“Therefore, if you have been raised up with Christ, keep seeking the things above, where Christ is, seated at the right hand of God. Set your mind on the things above, not on the things that are on earth. For you died and your life has been hidden with Christ in God. When Christ, who is our life, is manifested, then you also will be manifested with Him in glory.”
Being a person of color is an interesting experience.
Being a person of color who grew up in three different cultures is an even more interesting experience.
If I were to define what life honestly felt like until my mid-teens, it would be identity crisis: the condition of being uncertain of one’s feelings about oneself, especially with regard to character, goals, and origins.
As a Ghanaian born in east London with formative years spent in western Germany, I didn’t quite fit in anywhere. My parents had somewhat traditional values, especially in terms of how our relationship as a family worked. I was the oldest of four children, which meant I was essentially the third parent, leading by example and holding final responsibility if something happened “on my watch.”
To escape, I spent the bulk of my time at school—a school of a thousand students, all boys, with a culture all its own. I didn’t really fit in there either—my school was full of the cool people and I was an English nerd who loved to write and had more teachers as friends than fellow students—but it was less pressurized than being at home.
Every day, I would flit between these cultures, keeping Mum and Dad happy when I was home and at church and kind-of-being-myself when I was at school. The more that went on, the more my sense of identity crisis just grew and grew and grew. By the time I left secondary school to begin my A-levels in my very late teens, the feeling of having no real identity seriously hit home. I was the loner in class, depressed at home, buried under more classwork than ever in my life with little desire to do anything. In short, I was alive but I wished I was someone else.
Then I discovered a doctrine. Perhaps discovered is a strong term; I stumbled across a doctrine that Christians before myself have long appreciated and cherished. That doctrine was union with Christ. As has been said before, it is the most important doctrine you’ve probably never heard of, and I want to introduce it to you.
My premise is simple: understanding our union with Christ answers our deepest questions surrounding identity, purpose, and destiny.
Union with Christ is the Biblical truth that, by faith and through the work of the Spirit, we are vitally, mystically, and spiritually united to Jesus. This Spirit-born relationship is how, in the words of John Calvin, “we come to enjoy Christ and all His benefits.” (Institutes, 3.1.1).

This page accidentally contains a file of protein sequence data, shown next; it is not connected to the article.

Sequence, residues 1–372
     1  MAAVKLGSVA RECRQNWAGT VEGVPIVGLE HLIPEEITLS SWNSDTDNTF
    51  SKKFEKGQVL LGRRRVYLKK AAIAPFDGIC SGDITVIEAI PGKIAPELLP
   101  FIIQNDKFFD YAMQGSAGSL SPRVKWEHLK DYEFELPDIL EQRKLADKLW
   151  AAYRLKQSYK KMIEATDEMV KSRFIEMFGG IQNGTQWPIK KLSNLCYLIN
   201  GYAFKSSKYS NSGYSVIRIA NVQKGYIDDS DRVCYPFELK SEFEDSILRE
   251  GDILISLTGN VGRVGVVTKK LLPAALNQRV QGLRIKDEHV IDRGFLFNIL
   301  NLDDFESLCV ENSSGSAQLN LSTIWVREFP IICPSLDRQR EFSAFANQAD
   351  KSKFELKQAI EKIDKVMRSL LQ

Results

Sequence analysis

Put simply, union with Christ is the truth that Christ is in you, and more importantly, that you are in Christ—and so everything He has is yours by faith.To explain this reality, the Bible employs pictures and describes the results of our union with a variety of ways:
How does union with Christ, then, help us in the search for identity? I return to those three questions I stated in the premise of this article: union with Christ answers questions of identity, purpose, and destiny. I believe a robust understanding of this doctrine will go some way to helping us not just personally as believers in the Lord Jesus Christ but also in our interactions with those who are different from us. I especially want to zero in on the issue of identity.
Consider this from the apostle Paul:
“Therefore, if you have been raised up with Christ, keep seeking the things above, where Christ is, seated at the right hand of God. Set your mind on the things above, not on the things that are on earth. For you died and your life has been hidden with Christ in God. When Christ, who is our life, is manifested, then you also will be manifested with Him in glory” (Colossians 3:1–4, LSB).
Paul makes a number of powerful points in this chapter with respect to these realities. You are “raised with Christ” such that when Christ was raised from the grave, you were raised with Him. You “have died” in that life as you once knew it—for you, by you, through you—decisively ended when you were united to Christ. Your “life is hidden with Christ” in that your life is secure as Christ is in Heaven right now. Christ is “your life” in that Christ not only defines life for you, but indeed is your life!
Union with Christ answers the question of who we are by reminding us that we are no longer dead in sin.
This truth reminds us that our identity is not defined by our collective or individual pasts, our present circumstances, or our needs to try harder and do better. It’s defined by Christ!
In the profoundly charged atmosphere we find ourselves in today, perhaps believers of different ethnicities would be better served by remembering what unites us. Perhaps our tenor would change if we remembered our identity in Christ. Perhaps we would do well to remember that before our color and culture divides us, Christ unites us—not primarily with each other but with Himself.
May God help us to remember our union with Christ.
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D. Kofi Adu-Boahen
D. Kofi Adu-Boahen is the Teaching Pastor at Redeemer Bible Fellowship in Medford, OR. He’s been at the church since 2019 and serving as pastor since 2021. Kofi is the host of the Deep Dive Discipleship podcast on The B.A.R. Network and currently pursuing Theological Studies at Log College and Seminary in Sumter, SC. Kofi’s married to Laura and they have one son, Gareth Kwabena.